Consider the child who comes up with alternative or unconventional ways to solve a problem, do a computation or analyze a concept. A well-prepared teacher can respond comfortably and with confidence. But a teacher without a proper mathematics background would have great trouble adapting to the situation and, worse, could discourage the student and any enthusiasm he might be building for the subject by forcing him to think strictly in the way the textbook presents the material.

The inexperienced teacher is likely to use the exercises in the textbooks, which are mostly drill, whereas a qualified math teacher would quite likely - and at every opportunity - infuse problem-solving strategies into his teaching. Rather than mechanical learning, students would be encouraged to solve a problem, for example, by considering a simpler analogous problem, or testing an extreme condition on a variable to see how it might behave. (I give an example in the accompanying sidebar.)

Another problem for math performance has been a trend to move more substantive subject matter to the lower grades. At that level, the material has to be taught by drilling rather than as concepts. The younger students are generally not mature enough to understand the advanced ideas, although they can learn to mechanically get the answers to problems.

The shift of material, such as some algebra topics, was justified in middle school, where there was a lot of repetition of material from one year to the next and students can handle the broader concepts. But in elementary grades, making math a mechanical exercise, as is too often the case, is not a good way for students to gain a true competence or love of the subject. And ultimately, they all need command of the concepts to have a solid foundation for future study and certainly for any career where math might be involved.

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Above all else, as we assess the dilemma of math achievement we must make every effort to ensure that the most important element of mathematics learning - the quality of our math teachers - is at the highest levels.

This means recognizing and financially rewarding good math teachers, which will in turn attract more qualified people. At the same time, we need to work relentlessly to provide support for parents. Schools should offer them programs that show the beauty of mathematics and the nature of the school's instructional program.

This will make the parents not only willing partners in the education of their children, but stronger supporters of mathematics in the community outside of the school.

Mathematics is essential for preparing today's youth for our ever-increasing technological era. It's high time we all take a more positive view toward its teaching and learning.

A more inspired approach to solving a problem

To illustrate how a problem-solving technique that relies on reasoning might be more useful than a textbook approach that uses formulas, we'll use the technique of exploring extreme situations.

PROBLEM: A car is driving along a highway at a constant speed of 55 mph. The driver notices a second car, exactly a half-mile behind. The second car passes the first, exactly one minute later. How fast was the second car traveling, assuming its speed was constant?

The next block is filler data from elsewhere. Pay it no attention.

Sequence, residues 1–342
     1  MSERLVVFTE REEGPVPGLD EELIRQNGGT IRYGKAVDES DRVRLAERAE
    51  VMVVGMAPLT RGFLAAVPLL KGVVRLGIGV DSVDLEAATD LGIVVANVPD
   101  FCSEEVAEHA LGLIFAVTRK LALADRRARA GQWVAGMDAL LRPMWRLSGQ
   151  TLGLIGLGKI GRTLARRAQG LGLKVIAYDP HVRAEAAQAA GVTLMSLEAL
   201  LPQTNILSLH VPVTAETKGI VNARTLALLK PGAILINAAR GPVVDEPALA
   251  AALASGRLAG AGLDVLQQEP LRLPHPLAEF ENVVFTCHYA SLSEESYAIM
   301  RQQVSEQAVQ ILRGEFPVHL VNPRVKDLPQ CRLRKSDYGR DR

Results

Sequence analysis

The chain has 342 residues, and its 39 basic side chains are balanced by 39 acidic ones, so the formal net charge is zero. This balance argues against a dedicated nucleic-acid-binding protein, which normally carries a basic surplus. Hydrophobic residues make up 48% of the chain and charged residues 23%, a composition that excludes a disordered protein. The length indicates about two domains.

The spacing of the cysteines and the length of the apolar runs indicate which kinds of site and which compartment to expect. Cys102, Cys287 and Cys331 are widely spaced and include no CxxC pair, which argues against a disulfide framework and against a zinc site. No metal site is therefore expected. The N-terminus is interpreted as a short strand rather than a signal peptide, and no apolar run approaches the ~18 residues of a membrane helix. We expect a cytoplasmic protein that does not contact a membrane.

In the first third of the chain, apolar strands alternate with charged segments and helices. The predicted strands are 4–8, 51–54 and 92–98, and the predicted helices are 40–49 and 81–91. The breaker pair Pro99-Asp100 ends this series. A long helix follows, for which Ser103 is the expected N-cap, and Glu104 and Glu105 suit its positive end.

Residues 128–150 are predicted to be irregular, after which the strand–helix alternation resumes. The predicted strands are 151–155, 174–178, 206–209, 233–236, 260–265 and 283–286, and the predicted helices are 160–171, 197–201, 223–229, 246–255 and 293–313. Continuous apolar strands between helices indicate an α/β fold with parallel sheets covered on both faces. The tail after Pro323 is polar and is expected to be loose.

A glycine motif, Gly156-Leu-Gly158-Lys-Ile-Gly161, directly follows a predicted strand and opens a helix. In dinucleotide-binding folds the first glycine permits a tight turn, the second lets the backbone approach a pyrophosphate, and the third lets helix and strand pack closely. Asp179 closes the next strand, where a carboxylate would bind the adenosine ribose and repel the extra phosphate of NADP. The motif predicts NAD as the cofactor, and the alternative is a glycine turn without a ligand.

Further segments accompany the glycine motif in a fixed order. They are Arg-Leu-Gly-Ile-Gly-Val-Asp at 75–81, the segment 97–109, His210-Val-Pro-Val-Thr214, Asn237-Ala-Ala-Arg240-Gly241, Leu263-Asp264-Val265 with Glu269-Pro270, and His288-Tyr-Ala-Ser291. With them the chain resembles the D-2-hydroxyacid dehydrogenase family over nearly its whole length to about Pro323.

The traditional solution is to set up a series of equations, plugging the information we have into a formula or a chart. In this case the formula is: the rate of speed multiplied by the time traveled equals the distance traveled. (A quick example: A car going 60 miles per hour, traveling for two hours, will travel 120 miles; rate x time = distance.)

An alternate approach is to consider extremes. We assume that the first car is going extremely slowly, that is, at 0 mph.

The second car travels half a mile in 1 minute to catch the first car. Under these conditions, the second car would have to travel at a speed of 30 mph.

When the first car is moving at 0 mph, then the second car is traveling 30 mph faster.

So if the first car is traveling at 55 mph, then the second car must be traveling at 85 mph.

- Alfred S. Posamentier

## 4 comments:

thanks for sharing that.

Thanks for the info. I just finished a search for the best price on this book and ordered it. It sounds great; I just hope I can find the time to read it. Maybe over the holiday break.

By the way, an excellent analysis though more can be said. I may have read too quickly but many elementary teachers are weak in Math concepts. Did you see the recent article as to how badly NJ students did on a recent projected state wide Algebra test ? Would love to see the urban/ suburban breakdown.

National math test scores continue to be disappointing. This poor trend persists in spite of new texts, standardized tests with attached implied threats, or laptops in the class. At some point, maybe we should admit that math, as it is taught currently and in the recent past, seems irrelevant to a large percentage of grade school kids.

Why blame a sixth grade student or teacher trapped by meaningless lessons? Teachers are frustrated. Students check out.

The missing element is reality. Instead of insisting that students learn another sixteen formulae, we need to involve them in tangible life projects. And the task must be interesting.

Project-oriented math engages kids. It is fun. They have a reason to learn the math they may have ignored in the standard lecture format of a class room.

Alan Cook

info@thenumberyard.com

www.thenumberyard.com